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Bombardier to partner with Airbus on C Series

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TORONTO—Canadian plane-maker Bombardier announced yesterday it has sold a majority stake in its C Series passenger jet business to European aerospace giant Airbus for no cost.

U.S. rival Boeing called it a questionable deal by two state-subsidized competitors.

The move comes after lacklustre sales and after the U.S. Commerce Department imposed harsh duties on Bombardier, charging the Canadian company is selling the C Series planes in America below cost and receiving government subsidies.

The Commerce Department recently announced it would impose an 80 percent duty on top of duties of nearly 220 percent.

The case has been a win for Boeing, which brought the complaint.

Boeing has said it didn't move early enough against Airbus subsidies in the 1970s. Airbus is now a global giant.

“This looks like a questionable deal between two heavily state-subsidized competitors to skirt the recent findings of the U.S. government,” Boeing spokeman Dan Curran said in a statement.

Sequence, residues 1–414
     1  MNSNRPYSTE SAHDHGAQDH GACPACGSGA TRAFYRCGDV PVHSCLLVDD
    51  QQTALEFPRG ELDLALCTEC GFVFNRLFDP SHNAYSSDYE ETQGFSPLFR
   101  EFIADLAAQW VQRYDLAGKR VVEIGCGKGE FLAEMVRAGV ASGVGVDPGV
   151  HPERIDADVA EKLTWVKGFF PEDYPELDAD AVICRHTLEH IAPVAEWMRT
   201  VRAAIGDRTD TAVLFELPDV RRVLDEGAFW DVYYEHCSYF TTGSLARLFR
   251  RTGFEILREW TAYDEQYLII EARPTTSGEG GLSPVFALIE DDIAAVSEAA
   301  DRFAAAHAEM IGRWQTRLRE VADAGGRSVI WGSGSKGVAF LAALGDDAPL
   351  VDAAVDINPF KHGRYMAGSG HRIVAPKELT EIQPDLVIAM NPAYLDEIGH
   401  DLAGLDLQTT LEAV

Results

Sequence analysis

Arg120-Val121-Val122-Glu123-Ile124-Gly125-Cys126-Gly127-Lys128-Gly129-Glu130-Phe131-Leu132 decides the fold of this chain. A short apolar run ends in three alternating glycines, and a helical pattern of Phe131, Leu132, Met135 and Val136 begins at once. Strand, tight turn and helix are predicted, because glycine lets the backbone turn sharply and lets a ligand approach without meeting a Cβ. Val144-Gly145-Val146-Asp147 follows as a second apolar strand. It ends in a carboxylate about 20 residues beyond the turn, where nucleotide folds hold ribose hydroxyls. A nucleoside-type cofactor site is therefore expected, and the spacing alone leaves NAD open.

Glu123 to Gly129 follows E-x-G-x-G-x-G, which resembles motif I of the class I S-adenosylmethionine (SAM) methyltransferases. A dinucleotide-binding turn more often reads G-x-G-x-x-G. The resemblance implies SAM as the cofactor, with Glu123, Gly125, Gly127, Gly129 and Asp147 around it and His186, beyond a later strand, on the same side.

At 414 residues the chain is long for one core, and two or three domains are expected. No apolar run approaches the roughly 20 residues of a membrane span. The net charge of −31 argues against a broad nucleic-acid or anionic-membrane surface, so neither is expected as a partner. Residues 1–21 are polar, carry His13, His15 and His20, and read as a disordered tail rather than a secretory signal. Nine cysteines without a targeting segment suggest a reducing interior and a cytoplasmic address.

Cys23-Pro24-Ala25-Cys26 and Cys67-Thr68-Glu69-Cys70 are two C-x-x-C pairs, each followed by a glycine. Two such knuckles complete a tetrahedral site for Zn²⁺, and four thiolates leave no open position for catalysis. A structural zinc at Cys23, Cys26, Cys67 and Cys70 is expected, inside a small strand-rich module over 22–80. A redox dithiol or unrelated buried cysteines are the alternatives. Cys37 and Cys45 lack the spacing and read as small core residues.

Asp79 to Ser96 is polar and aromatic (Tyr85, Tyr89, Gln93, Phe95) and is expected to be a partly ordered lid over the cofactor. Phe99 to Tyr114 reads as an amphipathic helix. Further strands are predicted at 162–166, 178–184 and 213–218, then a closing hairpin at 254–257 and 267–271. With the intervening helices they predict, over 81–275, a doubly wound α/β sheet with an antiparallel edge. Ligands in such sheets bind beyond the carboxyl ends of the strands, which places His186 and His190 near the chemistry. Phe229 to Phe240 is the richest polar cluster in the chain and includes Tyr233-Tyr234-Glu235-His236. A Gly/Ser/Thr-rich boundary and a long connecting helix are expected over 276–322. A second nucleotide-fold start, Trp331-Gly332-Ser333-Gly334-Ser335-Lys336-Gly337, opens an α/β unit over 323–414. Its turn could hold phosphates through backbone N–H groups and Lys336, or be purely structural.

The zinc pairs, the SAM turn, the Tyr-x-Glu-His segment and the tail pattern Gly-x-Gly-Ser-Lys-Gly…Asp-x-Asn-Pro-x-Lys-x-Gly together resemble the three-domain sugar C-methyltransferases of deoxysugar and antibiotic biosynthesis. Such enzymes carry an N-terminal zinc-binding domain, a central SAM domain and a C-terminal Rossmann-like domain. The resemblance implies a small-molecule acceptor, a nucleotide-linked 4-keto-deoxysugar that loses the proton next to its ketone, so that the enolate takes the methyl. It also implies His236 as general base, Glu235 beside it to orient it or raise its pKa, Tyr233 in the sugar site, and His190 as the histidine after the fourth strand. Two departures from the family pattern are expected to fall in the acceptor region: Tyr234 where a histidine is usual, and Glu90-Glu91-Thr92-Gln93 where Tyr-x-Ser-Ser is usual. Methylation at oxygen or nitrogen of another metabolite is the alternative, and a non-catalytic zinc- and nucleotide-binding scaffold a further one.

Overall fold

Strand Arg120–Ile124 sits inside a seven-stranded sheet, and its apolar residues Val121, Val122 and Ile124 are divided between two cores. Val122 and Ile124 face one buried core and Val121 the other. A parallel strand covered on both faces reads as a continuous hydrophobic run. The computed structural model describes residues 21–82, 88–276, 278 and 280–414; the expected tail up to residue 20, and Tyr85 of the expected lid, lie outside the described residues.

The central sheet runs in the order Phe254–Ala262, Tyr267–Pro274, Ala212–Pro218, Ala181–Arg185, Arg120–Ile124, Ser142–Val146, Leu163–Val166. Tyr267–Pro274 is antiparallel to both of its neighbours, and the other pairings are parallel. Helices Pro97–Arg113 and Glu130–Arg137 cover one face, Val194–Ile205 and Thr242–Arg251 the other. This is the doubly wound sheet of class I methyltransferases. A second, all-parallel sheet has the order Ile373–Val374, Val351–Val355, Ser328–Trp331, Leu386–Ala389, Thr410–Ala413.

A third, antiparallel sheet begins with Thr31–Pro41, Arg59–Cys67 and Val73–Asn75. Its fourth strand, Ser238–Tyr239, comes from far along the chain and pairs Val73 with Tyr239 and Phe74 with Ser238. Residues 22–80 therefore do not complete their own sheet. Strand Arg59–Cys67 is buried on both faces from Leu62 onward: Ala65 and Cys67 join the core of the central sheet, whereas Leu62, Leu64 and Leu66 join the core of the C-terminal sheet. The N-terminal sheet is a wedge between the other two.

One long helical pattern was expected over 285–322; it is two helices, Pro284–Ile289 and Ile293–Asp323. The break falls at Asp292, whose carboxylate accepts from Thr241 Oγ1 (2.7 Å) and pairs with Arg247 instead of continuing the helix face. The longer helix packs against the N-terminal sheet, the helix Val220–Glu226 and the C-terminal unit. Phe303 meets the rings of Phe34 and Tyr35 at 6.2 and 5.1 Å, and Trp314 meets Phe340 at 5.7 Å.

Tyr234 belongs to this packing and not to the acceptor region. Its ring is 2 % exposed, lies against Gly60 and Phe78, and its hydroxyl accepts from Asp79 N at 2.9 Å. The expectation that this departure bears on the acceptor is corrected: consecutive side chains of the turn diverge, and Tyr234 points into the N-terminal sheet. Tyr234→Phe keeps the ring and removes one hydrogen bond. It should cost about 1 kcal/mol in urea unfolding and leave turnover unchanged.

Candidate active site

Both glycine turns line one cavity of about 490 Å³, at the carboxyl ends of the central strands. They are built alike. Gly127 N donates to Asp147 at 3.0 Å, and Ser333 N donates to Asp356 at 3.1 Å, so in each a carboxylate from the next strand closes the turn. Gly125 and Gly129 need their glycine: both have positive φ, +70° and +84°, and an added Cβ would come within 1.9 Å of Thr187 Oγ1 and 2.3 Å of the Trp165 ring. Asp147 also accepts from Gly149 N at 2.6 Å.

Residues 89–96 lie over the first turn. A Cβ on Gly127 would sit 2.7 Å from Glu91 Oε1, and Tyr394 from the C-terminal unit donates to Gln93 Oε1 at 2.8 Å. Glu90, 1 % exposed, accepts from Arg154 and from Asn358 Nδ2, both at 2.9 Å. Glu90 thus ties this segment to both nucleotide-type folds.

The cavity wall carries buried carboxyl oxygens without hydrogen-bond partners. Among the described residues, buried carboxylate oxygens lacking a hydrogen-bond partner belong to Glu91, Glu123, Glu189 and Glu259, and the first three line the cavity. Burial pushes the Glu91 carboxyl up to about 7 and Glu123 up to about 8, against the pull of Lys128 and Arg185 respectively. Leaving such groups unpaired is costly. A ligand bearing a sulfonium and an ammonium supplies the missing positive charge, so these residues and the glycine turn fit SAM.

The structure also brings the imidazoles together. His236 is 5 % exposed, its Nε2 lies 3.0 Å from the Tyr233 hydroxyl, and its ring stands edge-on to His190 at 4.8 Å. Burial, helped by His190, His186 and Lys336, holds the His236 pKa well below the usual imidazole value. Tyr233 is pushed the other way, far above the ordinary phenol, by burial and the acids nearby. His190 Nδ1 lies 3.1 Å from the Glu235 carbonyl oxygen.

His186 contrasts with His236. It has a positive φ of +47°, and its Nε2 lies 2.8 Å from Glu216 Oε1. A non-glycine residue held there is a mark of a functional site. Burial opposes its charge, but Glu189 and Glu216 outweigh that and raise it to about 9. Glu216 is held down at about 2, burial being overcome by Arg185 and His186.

“Our position remains that everyone should play by the same rules for free and fair trade to work,” he added.

The move by Bombardier possibly could circumvent duties being imposed on the C Series.

The C Series headquarters will remain in the Montreal area but a second assembly line for the 100- to 150-seat plane will be set up at Airbus' facility in Mobil, Ala., so the plane can be sold in the United States.

Airbus CEO Tom Enders said an aircraft produced at an U.S. Airbus facility would not be subject to duties under the pending U.S. investigation.

Enders said the acquisition extends the company's product offering into the fast-growing 100- to 150-seat market sector.

The current Airbus A320, a rival for the C Series, is for 180 passengers or more and Airbus hasn't sold an A320 in three years.

Enders said some airlines have been reluctant to purchase Bombardier's plane because of doubts the program would continue.

It has been bailed out by governments in Quebec and Canada.

“Some customers will be convinced it will be a great product and it is here to stay,” Enders noted.

The Airbus acquisition will be subject to Canadian government review but a federal official said the administration is aware of the challenges facing the C Series without a partner of the scale of Airbus.

The official noted the plane has stalled at 300 orders but with Airbus, they could get up to 6,000 orders over the next 20-30 years.

The official, who was not authorized to speak publicly about the deal, said the federal government has received a guarantee from Airbus that no jobs will be replaced or lost in Quebec because of the deal.

Enders said the talks started in August and were not motivated by what competitors are doing.

He rejected a deal to acquire the C Series three years ago but said circumstances have changed, noting the plane now is certified and receiving rave reviews.

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